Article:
Well, apparently it's indicative of a mental problem, but I consider being able to write my own script to, say, handle bookmarks a plus, not a drawback. Another reason I like uzbl is because it's the same sort of interface as text browsers like lynx/links/elinks/etc., which I've always loved, but without any of the drawbacks of those browsers (not working properly with most pages written since 2000). I also use XMonad, vimperator, etc. Some people like to use computers this way. I also like the iMac I'm typing this on, for different reasons.

Why does a different way to interact with a computer than you prefer threaten you to the point that you have to accuse people of elitism or only liking what they like to make some kind of ridiculous point? There was a full page of people tearing this down with all kinds of wild assumptions about the people who use it before anyone even said anything remotely positive about it. What is it about inconsequential computer stuff that drives some people so strongly to other-ize people? I mean, who really gives a shit?
posted by DecemberBoy at 12:23 PM on April 11, 2010 [1 favorite]


it never fails to satisfy me watching people trying to interact with my computer.
To take this a bit further, localize everything to Hungarian and use an unlabeled Das Keyboard.
posted by Wolfdog at 12:29 PM on April 11, 2010 [1 favorite]


>>Perhaps we non-programming users should band together and make a site that demystifies obscure software!

Not a bad idea. Kind of like man pages aimed specifically at getting things up and running to start with, then includes a bunch of specific howtos for individual features? I feel like something like this should exist already...
posted by Grimp0teuthis at 1:24 PM on April 11, 2010


Why does a different way to interact with a computer than you prefer threaten you to the point that you have to accuse people of elitism or only liking what they like to make some kind of ridiculous point?

Yeah, I went too far up there with the "awkward sods" bit. I'm just a bit 'threatened' about elitism in this area because, as a not-that-geeky person, I've discovered loads of really amazing software for my netbook - the first non-Mac computer I've ever used - that, like the dwm page I quoted above, has a big 'Not for you ordinary users' sign hanging off it, even though it's easy to use, and I bet some ordinary users must be put off because of the elite tag.

That said, I know there are people who revel in the opportunity to tinker with their Linux machines, because I'm guilty of it myself - 'being able to write my own script' is always a plus, of course, but sometimes it's not the best use of my time. Uzbl is on the wrong side of that line for me, but I was wrong to say it's the worst of anything.
posted by a little headband I put around my throat at 2:09 PM on April 11, 2010


I'm not a fan of the "keeping it gratuitously hard helps keep the riff-raff out" school of thought, but, well, these projects are all labors of love with developers scratching their own itches. And it's pretty obvious that minimalist keyboard-interface apps aren't likely to attract more than a small minority of users no matter what they did. So I don't find it surprising we're not seeing the developers make a priority of writing the parts they're not interested in for the benefit of maybe a handful of people who would use the apps if they were just a little friendlier.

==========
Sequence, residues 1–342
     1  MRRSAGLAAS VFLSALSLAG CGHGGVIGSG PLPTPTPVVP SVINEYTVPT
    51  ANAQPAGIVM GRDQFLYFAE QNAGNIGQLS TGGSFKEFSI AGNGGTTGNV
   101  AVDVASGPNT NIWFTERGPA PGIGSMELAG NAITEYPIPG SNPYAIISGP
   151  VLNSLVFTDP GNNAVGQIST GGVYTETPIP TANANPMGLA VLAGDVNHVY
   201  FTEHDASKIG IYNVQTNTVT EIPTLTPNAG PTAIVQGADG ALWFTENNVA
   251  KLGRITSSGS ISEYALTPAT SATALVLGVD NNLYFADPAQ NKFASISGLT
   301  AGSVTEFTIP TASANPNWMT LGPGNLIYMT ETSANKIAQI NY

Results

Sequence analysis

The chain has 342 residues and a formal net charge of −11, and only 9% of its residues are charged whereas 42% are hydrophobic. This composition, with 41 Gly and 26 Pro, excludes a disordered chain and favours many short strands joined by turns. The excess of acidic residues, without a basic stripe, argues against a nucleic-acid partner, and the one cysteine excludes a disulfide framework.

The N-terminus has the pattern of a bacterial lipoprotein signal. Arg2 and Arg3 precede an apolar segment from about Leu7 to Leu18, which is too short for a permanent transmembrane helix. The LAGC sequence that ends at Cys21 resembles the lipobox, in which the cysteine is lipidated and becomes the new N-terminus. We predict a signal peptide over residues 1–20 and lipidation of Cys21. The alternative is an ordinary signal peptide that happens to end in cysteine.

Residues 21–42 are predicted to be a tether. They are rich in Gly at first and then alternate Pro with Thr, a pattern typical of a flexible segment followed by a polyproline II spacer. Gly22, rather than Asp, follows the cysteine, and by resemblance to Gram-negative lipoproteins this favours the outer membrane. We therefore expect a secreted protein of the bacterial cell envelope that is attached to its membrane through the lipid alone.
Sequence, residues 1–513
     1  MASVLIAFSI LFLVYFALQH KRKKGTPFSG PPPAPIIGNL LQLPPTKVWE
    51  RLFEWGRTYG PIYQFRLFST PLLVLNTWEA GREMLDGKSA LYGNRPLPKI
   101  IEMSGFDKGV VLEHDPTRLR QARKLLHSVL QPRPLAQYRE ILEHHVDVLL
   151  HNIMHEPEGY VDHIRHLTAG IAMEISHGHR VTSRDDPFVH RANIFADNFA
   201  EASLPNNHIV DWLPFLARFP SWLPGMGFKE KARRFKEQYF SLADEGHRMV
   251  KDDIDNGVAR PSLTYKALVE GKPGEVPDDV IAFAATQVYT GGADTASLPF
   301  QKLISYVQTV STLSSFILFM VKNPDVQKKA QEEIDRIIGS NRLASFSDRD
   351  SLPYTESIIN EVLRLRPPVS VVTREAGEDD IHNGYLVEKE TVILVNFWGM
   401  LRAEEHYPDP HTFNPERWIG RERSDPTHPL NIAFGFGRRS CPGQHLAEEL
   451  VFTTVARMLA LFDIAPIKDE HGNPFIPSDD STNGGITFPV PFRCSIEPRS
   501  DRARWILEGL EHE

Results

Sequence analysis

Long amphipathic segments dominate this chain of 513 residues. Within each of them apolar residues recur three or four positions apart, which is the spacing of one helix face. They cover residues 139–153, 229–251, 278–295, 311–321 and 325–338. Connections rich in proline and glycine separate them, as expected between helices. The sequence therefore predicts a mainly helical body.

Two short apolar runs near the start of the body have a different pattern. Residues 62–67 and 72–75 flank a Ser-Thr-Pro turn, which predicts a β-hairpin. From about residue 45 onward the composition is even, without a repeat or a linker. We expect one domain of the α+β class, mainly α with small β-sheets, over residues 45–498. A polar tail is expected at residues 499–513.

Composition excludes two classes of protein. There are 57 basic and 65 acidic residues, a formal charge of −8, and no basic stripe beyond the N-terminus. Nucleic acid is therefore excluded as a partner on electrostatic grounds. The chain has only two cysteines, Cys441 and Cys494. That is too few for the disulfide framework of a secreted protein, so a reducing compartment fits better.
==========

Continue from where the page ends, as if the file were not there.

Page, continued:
Every so often I contemplate starting a keyboard-centric Antidesktop Linux distribution so people could get a functional environment without the million tweaks you need to roll your own. But I quickly come to my senses, because anyone attracted to such an environment and willing to put up with the learning curve required is also going to have particular ideas about which million tweaks are the right ones. The Arch Linux community is doing a better job filling that niche by providing a barebones system and a good wiki on how to add things and configure them than a new distro would.

But, yeah, I wish there weren't the vocal minority of devs who seem eager to drive people away or to insist that their app is doing something the right way, and everything else is doing it the wrong way, so you should report your bug to everyone else, not them.
posted by Zed at 6:18 PM on April 11, 2010


Hardcore Poser: I also see it's named in the unix philosophy of 'make command names short, make them non-intuitive'.

What's a firefox again?
posted by l33tpolicywonk at 7:24 PM on April 11, 2010


>>it's pretty obvious that minimalist keyboard-interface apps aren't likely to attract more than a small minority of users no matter what they did.

I don't think it has to be that way. Granted, our world is GUI-centric and I doubt it will ever get to the point where a majority of users will prefer command lines, but CLI browsers could eventually enjoy healthy communities by adding some documentation, marketing, and configuration scripts. Hell, if they had forums, that'd be a step forward.

As it is, Vimperator has nearly 200,000 downloads and the Uzbl community isn't so tiny either. This shows that there is a fair amount of interest at least in the CLI (if not necessarily the minimalism). I will admit, though, that Vimprobable is just one guy.

>>The Arch Linux community is doing a better job filling that niche by providing a barebones system and a good wiki on how to add things and configure them than a new distro would.

Exactly my point. A good wiki would be a big step forward. Uzbl has some useful info up, but it's not that great. Vimprobable has nothing. Vimperator has a helpful tutorial page.
posted by Grimp0teuthis at 7:56 PM on April 11, 2010


That said, I suspect most people who use Uzbl are just awkward sods who like noodling around with their computers as much as (or more than) they do actually using them.

I believe that's actually the Linux philosophy.
posted by rokusan at 7:54 AM on April 12, 2010


uzbl isn't even quite a year old, was impractical for anyone's regular usage at the beginning, and has been changing pretty rapidly since it began. In this case, the lack of docs may have more to do with a new project's lack of maturity and stability than the devs' attitudes.
posted by Zed at 8:24 AM on April 12, 2010